[3] N. Pac. Ry. Co. v. United States, 356 U.S. 1, 4 (1958).

[4] See, e.g., Symposium, The Goals of Antitrust, 81 Fordham L. Rev. 2151 (2013).

[5] Standard Oil Co. of New Jersey v. United States, 221 U.S. 1, 58 (1911).

[6] Compare, e.g., Reiter v. Sonotone Corp., 442 U.S. 330, 343 (1979) (relying on Robert Bork, The Antitrust Paradox (1978), to describe antitrust as a “consumer welfare prescription” without describing it as exclusively so), with, e.g., NCAA v. Alston, 141 S. Ct. 2141, 2147 (2021) (“In the Sherman Act, Congress tasked courts with enforcing a policy of competition . . . .”), N.C. State Bd. of Dental Exam’rs v. FTC, 574 U.S. 494, 502 (2015) (Sherman Act “serves to promote robust competition” and prohibit “practices that undermine the free market”), Leegin Creative Leather Prods., Inc. v. PSKS, Inc., 551 U.S. 877, 895 (2007) (antitrust laws “designed primarily to protect interbrand competition”), State Oil Co. v. Khan, 522 U.S. 3, 15 (1997) (primary purpose of antitrust laws “is to protect interbrand competition”), Spectrum Sports, Inc. v. McQuillan, 506 U.S. 447, 458 (1993) (Sherman Act directed “against conduct which unfairly tends to destroy competition itself”), NCAA v. Bd. of Regents of the Univ. of Okla., 468 U.S. 85, 104 & n.27 (1984) (“Under the Sherman Act the criterion to be used in judging the validity of a restraint on trade is its impact on competition.”), Nat’l Soc’y of Pro. Eng’rs v. United States, 435 U.S. 679, 695 (1978) (Sherman Act reflects “legislative judgment” that “competition is the best method of allocating resources”), Gordon v. N.Y. Stock Exch., Inc., 422 U.S. 659, 689 (1975) (“sole aim of antitrust” is “to protect competition”), United States v. Topco Assocs., Inc., 405 U.S. 596, 610 (1972) (“freedom” guaranteed by antitrust “is the freedom to compete”), FTC v. Proctor & Gamble Co., 386 U.S. 568, 580 (efficiencies are no defense to anticompetitive merger because Congress “struck the balance in favor of protecting competition”), United States v. Von’s Grocery Co., 384 U.S. 270, 274–77 (1966) (purpose of antitrust laws is to “prevent economic concentration” and “protect competition”), United States v. Phila. Nat’l Bank, 374 U.S. 321, 362–63, 371–72 (1963) (“[C]ompetition is our fundamental national economic policy . . . .”), Brown Shoe v. United States, 370 U.S. 294, 315–23 (1962) (Celler-Kefauver Act’s “dominant theme” to combat “rising tide of economic concentration” through competition), N. Pac. Ry. Co. v. United States, 356 U.S. 1, 4 (1958) (“[T]he policy unequivocally laid down by the [Sherman] Act is competition.”), United States v. E. I. du Pont de Nemours & Co., 351 U.S. 377, 385–86 (1956) (Sherman Act achieves “freedom of enterprise from monopoly or restraint”), Standard Oil Co. v. FTC, 340 U.S. 231, 248 (1951) (“The heart of our national economy policy long has been faith in the value of competition.”), Allen Bradley Co. v. Local Union No. 3, Int’l Bhd. of Elec. Workers, 325 U.S. 797, 809 (1945) (“The primary objective of all the Anti-trust legislation has been to preserve business competition and to proscribe business monopoly.”), and Bd. of Trade v. United States, 246 U.S. 231, 238 (1918) (restraints legal if they “regulat[e]” or “promote[] competition” but illegal if they “suppress” or “destroy” it). Bork’s selective reading of the legislative history to divine a “consumer welfare standard” has been widely criticized. See, e.g., Lina M. Khan, Note, Amazon’s Antitrust Paradox, 126 Yale L.J. 710, 720–21 (2017); Herbert Hovenkamp, The Antitrust Enterprise: Principle and Execution 39–42 (2005).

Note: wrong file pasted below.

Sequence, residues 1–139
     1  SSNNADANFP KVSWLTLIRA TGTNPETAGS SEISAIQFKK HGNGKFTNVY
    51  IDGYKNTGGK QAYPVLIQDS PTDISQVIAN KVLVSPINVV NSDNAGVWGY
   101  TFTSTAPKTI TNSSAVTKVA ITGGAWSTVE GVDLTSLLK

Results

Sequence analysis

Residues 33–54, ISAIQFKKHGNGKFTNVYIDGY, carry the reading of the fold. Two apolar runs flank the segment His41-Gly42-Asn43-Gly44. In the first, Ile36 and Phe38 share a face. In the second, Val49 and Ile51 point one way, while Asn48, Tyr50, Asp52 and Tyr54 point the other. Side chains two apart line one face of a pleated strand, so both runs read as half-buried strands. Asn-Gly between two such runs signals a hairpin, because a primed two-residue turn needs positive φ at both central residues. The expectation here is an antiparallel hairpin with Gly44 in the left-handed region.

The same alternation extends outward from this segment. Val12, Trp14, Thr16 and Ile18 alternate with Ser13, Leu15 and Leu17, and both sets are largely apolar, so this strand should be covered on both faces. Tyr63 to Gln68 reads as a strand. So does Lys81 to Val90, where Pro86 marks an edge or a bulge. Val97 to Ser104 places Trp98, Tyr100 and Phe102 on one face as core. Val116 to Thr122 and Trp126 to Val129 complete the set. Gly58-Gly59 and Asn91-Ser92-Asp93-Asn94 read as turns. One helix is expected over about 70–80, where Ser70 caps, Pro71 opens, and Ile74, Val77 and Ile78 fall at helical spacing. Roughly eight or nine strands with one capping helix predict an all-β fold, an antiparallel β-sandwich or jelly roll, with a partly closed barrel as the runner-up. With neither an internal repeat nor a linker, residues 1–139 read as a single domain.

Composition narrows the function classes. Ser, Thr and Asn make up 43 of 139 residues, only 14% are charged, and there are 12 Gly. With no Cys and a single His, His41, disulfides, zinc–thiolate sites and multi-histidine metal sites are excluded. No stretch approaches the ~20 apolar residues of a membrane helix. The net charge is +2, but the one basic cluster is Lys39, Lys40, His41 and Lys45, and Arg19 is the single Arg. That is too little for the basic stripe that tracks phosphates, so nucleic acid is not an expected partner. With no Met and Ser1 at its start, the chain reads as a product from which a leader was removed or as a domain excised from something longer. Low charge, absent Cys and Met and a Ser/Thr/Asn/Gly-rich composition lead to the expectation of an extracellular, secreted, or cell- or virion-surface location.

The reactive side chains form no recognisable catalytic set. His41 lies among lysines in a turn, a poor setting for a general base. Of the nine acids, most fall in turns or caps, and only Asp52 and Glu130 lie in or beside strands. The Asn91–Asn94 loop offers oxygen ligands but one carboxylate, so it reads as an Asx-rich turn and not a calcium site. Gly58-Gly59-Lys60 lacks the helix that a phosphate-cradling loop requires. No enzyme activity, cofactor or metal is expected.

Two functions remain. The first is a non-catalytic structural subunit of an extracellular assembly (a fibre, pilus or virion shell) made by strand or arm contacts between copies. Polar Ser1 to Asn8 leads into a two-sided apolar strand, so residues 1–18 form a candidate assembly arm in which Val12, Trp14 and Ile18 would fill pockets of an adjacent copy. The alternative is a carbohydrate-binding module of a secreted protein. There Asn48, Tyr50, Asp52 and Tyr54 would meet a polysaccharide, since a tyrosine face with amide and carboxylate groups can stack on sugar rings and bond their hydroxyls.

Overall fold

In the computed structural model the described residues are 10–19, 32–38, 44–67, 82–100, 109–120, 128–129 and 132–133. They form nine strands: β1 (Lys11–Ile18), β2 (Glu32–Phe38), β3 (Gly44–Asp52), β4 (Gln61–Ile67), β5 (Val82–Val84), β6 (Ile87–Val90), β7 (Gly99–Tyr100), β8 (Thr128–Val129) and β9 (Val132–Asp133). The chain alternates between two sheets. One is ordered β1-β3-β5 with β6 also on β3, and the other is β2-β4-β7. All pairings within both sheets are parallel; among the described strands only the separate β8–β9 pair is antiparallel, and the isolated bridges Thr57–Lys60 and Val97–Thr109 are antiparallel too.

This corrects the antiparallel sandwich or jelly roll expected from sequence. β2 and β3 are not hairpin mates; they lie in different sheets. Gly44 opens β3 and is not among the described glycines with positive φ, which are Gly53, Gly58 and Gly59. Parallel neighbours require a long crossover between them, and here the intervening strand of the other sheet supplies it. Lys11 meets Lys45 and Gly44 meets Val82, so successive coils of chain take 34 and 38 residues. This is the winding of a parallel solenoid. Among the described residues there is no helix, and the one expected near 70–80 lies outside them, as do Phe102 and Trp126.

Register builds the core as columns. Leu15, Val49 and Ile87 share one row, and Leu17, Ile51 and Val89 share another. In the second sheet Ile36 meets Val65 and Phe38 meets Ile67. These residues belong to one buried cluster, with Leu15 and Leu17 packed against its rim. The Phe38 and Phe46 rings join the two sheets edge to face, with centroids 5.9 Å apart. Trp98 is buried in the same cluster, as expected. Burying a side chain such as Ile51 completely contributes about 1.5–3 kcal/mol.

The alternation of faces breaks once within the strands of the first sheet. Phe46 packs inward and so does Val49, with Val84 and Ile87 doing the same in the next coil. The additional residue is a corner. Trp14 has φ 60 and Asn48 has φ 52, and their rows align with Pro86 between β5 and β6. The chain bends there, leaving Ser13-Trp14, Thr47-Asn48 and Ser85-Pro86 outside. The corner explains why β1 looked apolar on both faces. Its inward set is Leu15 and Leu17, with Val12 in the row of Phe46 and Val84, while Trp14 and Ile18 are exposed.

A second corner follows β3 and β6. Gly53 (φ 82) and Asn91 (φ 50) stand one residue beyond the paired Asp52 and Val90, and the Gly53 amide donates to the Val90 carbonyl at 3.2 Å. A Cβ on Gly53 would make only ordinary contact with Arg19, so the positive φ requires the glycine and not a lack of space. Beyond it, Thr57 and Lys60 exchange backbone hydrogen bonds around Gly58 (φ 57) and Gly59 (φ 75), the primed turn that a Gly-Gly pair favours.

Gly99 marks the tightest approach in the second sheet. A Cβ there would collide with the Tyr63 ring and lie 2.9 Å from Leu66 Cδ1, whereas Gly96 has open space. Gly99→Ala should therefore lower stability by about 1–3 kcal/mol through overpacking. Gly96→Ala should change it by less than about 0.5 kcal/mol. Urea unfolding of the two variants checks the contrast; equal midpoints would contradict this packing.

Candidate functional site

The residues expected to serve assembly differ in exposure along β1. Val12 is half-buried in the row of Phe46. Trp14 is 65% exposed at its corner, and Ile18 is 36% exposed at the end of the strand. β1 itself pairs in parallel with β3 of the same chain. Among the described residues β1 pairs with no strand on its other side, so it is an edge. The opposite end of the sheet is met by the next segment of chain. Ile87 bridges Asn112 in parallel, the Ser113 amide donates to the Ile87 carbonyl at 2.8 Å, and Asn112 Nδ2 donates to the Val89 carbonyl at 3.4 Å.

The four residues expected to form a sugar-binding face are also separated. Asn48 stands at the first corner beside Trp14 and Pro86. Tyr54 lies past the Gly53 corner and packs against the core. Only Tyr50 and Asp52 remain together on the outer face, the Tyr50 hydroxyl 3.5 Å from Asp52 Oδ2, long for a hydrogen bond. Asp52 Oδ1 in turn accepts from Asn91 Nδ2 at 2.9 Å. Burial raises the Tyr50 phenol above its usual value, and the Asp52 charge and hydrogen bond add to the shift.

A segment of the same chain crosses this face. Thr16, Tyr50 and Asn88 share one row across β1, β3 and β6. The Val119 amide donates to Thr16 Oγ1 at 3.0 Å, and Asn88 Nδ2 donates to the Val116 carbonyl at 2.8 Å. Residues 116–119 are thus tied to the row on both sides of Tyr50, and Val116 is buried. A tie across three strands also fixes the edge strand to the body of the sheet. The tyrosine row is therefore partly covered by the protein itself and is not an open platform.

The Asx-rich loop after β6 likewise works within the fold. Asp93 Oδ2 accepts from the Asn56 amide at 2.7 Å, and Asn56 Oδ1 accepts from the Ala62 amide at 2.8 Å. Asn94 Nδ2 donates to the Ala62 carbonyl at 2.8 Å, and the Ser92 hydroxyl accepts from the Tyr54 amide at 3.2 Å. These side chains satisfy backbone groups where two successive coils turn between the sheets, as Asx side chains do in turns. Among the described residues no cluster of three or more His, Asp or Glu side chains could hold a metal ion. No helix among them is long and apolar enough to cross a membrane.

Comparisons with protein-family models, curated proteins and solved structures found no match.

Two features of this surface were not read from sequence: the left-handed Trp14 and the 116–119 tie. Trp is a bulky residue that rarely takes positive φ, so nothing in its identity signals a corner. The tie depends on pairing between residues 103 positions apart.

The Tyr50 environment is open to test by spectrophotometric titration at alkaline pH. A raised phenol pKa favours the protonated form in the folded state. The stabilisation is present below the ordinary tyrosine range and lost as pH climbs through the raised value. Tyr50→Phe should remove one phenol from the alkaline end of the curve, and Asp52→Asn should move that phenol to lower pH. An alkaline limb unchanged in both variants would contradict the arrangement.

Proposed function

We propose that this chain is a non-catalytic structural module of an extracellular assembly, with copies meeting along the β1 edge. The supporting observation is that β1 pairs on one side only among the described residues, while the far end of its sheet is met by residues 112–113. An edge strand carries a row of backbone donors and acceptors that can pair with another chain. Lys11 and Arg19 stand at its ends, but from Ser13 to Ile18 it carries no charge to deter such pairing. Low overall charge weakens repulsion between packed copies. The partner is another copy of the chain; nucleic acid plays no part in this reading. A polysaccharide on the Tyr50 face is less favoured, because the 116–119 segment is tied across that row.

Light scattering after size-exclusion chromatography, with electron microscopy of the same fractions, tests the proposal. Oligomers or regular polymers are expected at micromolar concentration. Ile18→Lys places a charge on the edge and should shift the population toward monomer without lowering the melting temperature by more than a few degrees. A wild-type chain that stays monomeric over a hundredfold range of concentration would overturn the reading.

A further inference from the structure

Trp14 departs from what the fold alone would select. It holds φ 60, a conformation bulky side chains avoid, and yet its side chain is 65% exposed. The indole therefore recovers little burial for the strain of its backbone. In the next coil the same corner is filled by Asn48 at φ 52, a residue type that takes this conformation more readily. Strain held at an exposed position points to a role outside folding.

[7] NCAA v. Alston, 141 S. Ct. 2141, 2158 (2021).

[8] State Oil Co. v. Khan, 522 U.S. 3, 20 (1997).

[9] Brooke Grp. Ltd. v. Brown & Williamson Tobacco Corp., 509 U.S. 209 (1993).

[10] Brooke Grp. Ltd. v. Brown & Williamson Tobacco Corp., 509 U.S. 209, 223, 227 (1993); see also Matsushita Elec. Indus. Co. v. Zenith Radio Corp., 475 U.S. 574, 589 (1986) (“[T]here is a consensus among commentators that predatory pricing schemes are rarely tried, and even more rarely successful.”).

[11] Jonathan B. Baker, The Antitrust Paradigm: Restoring a Competitive Economy 147 & n.143, 148 & n.144 (collecting research).

[12] Verizon Commc’ns Inc. v. Law Offs. of Curtis V. Trinko, LLP, 540 U.S. 398 (2004); Aspen Skiing Co. v. Aspen Highlands Skiing Corp., 472 U.S. 585 (1985).

[13] 15 U.S.C. §§ 4, 9, 25.

Updated April 21, 2022